The dataset consists of a training set and a test set, where the training set contains 60,000 handwritten digital images and the digital labels corresponding to the digital images. Similarly, the test set contains a total of 10,000 handwritten digital images and digital labels corresponding to the digital images. The data set is composed of digital images from 0 to 9, each of which is a single-channel gray scale image of 28 pixels by 28 pixels, and each pixel is a uint 8 data type, i.e., an 8-bit unsigned integer with a value between 0 and 255. Each image is labeled with “1”, “3”, “5”, etc.

6.2 Experimental Setup

6.2.1 Data Pre-Processing

The experimental dataset is a MNIST dataset. In the experimental preprocessing stage, we need to regularize and expand the images in one dimension so that when we use batch processing, we can transform a batch of digital image samples into a two-dimensional array for computation. At the same time, we encode the data labels as one-hot. One-hot encoding is an array where the correct solution label is 1 and all others are 0. For example, like label ‘7’ in one-hot encoding array is 0, 0, 0, 0, 0, 0, 0, 0, 0, 1, 0, 0.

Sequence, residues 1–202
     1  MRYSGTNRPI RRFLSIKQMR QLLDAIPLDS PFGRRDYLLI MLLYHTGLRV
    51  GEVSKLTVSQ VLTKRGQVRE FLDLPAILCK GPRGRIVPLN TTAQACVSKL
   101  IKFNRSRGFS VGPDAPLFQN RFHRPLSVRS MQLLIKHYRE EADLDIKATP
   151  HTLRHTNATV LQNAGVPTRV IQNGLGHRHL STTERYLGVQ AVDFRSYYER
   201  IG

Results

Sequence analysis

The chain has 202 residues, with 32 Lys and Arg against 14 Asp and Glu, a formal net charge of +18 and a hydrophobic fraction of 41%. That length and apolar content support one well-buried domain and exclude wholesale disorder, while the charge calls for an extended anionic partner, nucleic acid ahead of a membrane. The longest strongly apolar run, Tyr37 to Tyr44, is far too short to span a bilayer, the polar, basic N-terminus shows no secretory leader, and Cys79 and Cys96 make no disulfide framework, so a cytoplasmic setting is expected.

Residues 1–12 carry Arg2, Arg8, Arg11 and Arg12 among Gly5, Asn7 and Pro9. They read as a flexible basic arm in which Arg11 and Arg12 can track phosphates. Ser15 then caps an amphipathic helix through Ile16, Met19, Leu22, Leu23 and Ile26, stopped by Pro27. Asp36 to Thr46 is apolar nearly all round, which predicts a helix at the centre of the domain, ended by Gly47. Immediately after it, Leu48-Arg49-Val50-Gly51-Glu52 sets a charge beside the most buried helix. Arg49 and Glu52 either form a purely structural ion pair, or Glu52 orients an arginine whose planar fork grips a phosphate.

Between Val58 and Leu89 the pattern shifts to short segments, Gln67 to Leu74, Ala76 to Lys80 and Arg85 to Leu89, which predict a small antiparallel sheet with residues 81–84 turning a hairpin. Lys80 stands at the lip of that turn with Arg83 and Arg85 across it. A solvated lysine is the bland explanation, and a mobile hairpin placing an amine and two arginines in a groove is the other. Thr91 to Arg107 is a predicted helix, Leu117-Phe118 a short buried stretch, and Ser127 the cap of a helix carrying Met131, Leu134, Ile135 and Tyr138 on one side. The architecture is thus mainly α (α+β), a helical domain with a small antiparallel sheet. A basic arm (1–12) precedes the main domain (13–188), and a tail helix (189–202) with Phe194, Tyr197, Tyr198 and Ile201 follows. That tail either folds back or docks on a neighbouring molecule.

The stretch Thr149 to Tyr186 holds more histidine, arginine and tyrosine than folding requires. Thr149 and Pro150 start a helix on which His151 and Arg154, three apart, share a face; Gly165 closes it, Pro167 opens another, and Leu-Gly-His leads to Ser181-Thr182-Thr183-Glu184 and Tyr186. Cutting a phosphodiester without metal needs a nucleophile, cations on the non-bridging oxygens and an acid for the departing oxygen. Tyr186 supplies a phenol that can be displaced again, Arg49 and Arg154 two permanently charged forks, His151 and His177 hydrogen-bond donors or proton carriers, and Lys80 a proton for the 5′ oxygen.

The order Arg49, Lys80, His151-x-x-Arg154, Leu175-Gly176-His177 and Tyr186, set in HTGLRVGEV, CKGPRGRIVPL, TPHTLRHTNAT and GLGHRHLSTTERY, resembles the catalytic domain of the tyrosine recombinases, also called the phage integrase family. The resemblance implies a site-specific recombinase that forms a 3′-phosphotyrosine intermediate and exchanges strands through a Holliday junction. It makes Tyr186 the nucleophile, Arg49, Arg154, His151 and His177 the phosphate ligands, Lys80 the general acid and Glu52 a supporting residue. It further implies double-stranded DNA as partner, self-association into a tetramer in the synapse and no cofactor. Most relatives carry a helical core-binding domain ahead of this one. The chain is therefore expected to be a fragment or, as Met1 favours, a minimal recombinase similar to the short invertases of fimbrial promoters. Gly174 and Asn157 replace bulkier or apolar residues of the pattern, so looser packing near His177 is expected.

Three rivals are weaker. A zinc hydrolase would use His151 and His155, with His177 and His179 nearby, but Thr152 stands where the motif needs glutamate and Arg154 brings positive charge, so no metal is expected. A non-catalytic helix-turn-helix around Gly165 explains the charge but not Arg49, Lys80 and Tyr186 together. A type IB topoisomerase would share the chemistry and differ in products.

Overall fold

6.2.2 Network Structure

All program networks are structured as 728 × 40 × 10, the input layer is 728 neurons with input function only, the implicit layer is 40 neurons containing the Relu function, and the output layer is a Softmax-with-Loss layer with 10 neurons. In the output layer we use a Softmax-with-Loss layer for learning.

6.2.3 Experimental Basis

The algorithm is done by Python3.6, for the implementation of the algorithm for the structure in [15,17] is consulted. The device used in this paper is CPU: Inter(R) Core(TM) i5-7500 CPU@3.40 GHz with 16.00 GB of RAM.

The experiment consists of two parts in total. The first part is mainly the evaluation comparison between the algorithm of this paper and the current mainstream algorithm; the second part is mainly the exploration of the relationship between the parameters of the algorithm of this paper.